Before all else, be armed – with a budget

27 January 2010

Being an Enterprise Architect is a role I enjoy but I recognise the scenario described by Rik Laurens at http://www.capgemini.com/technology-blog/2010/01/enterprise_architecture_the_on.php

I think the main underlying issue is that the Enterprise Architect doesn’t, in any organisation I have engaged with, actually ever command a budget.

With money comes the power to spend it and influence others who will come to rely on that money being spent in their direction on their project etc.

Without the money weapon, an enterprise architect must rely on their powers of influence and persuasion with the C-level executives, and their governance sign off power at end of project phases and giving approval at project board meetings.

As the enterprise architecture discipline has not yet reached the tipping point where the majority of organisations realise its key importance and give respect to the Enterprise Architect, this influence and persuasion is still often overruled by JFDI thinking when the going gets tough.

Enterprise Architects do always have to continually demonstrate value and ROI, even if it is indirectly achieved by the delivery projects months away when they implement what you have defined in the EA roadmap.

However I think that Enterprise Architects do need to closely align themselves with the C-level decision makers (CIO, Business management etc.) in an organisation rather than with the project teams to achieve the necessary power and influence.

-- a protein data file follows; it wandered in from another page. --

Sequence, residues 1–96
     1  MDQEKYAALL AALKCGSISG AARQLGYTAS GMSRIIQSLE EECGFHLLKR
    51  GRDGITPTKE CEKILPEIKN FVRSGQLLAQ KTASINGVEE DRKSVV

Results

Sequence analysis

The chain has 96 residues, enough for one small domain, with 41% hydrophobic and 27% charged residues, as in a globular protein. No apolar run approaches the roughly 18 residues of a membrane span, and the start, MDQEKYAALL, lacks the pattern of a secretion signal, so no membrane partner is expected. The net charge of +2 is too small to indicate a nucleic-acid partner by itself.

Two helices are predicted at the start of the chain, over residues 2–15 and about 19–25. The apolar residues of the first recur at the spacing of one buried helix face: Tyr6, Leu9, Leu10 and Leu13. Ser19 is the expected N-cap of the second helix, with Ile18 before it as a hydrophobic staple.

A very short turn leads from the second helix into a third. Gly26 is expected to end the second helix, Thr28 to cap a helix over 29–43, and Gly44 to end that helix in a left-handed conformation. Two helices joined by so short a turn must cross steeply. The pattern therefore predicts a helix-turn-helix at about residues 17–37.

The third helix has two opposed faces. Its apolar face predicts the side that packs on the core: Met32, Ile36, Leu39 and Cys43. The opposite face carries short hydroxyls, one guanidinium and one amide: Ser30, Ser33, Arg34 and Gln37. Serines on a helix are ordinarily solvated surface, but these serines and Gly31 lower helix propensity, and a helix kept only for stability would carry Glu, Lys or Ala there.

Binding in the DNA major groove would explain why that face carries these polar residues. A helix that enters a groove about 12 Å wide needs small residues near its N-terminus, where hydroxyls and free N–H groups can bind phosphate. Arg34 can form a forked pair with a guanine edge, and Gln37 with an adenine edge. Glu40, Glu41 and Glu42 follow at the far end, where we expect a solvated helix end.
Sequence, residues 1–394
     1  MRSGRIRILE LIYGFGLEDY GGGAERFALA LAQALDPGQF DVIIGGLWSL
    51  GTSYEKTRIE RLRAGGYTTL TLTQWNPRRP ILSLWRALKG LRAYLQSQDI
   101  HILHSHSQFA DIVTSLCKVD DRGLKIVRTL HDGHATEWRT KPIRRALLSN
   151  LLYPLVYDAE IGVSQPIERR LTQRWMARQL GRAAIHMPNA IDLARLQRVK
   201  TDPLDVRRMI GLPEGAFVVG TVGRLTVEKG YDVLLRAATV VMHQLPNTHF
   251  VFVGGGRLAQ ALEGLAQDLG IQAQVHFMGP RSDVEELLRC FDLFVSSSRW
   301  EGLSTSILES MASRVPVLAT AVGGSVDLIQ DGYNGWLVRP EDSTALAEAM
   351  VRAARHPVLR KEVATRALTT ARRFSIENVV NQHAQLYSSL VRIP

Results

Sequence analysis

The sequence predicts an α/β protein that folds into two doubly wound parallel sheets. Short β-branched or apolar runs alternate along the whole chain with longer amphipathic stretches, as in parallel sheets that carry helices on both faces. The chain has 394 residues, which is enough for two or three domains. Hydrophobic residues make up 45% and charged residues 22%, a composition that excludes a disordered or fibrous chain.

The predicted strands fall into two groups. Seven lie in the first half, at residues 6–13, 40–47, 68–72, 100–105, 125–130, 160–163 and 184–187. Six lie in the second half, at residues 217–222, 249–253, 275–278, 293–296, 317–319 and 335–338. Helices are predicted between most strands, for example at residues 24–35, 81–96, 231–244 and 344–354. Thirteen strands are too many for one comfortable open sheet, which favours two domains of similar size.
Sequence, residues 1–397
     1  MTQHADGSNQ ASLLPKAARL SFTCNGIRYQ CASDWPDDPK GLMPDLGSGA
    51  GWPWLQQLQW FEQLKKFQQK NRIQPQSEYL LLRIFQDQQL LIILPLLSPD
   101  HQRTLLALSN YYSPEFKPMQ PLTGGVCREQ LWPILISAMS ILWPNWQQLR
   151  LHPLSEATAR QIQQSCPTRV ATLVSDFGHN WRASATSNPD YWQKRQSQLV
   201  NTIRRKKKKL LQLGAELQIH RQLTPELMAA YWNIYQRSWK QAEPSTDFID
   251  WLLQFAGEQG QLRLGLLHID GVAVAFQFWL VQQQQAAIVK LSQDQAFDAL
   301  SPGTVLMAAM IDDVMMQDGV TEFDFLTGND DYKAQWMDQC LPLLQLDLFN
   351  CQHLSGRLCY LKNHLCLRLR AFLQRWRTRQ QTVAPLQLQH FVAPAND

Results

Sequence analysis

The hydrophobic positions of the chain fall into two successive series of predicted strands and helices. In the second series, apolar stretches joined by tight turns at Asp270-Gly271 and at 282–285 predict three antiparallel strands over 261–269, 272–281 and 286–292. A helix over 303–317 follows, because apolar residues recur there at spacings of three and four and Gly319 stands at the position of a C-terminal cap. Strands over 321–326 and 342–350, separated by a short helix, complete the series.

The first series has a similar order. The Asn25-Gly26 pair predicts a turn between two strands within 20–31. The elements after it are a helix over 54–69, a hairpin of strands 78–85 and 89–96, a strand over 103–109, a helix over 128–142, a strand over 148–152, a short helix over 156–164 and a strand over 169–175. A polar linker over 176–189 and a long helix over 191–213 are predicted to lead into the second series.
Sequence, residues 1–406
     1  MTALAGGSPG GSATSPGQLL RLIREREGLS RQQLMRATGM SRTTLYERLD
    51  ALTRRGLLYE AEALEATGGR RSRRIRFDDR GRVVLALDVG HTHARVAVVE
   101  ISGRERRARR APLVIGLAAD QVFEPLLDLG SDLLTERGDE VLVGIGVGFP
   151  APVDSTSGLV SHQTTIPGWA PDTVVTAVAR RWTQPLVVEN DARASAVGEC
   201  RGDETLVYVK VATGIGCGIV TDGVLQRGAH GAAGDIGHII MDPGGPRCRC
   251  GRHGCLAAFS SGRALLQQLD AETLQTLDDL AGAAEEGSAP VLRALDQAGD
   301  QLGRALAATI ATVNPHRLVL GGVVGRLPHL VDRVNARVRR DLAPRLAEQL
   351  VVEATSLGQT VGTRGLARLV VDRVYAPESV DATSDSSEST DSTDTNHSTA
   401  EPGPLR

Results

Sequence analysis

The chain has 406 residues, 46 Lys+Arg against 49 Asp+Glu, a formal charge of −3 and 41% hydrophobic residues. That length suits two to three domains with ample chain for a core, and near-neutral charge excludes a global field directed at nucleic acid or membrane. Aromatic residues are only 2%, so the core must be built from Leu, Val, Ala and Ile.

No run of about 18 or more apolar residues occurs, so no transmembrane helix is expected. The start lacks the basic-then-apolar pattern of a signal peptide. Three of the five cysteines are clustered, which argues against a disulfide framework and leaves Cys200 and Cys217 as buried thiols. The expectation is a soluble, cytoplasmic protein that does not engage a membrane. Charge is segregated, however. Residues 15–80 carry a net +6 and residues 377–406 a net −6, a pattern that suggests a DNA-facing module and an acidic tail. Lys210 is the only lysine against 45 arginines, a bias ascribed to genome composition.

I know this sounds a bit Machiavellian, but if you are aligned too much with delivery then you’ll be seen as a [project level] solution architect and not as an [strategic] enterprise architect which is where you want to be in the first place.

It’s a fine line to walk.

Before all else, be armed [with a budget].

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One Response to “Before all else, be armed – with a budget”


  1. I find your opinion right on point; w/o the money all the good intentions in the world meet the reality of pragmatic thinking when it come to governance. Interesting the EA team at my company a few years before I arrived was in just the opposite position – the Chief Architect signed all the checks for new technology. From what I hear, a lot got done very quickly until he got show the door for flexing too much muscle.

    I invite you to read my blog…http://practicingea.blogspot.com/. Some of the thoughts are very similar.


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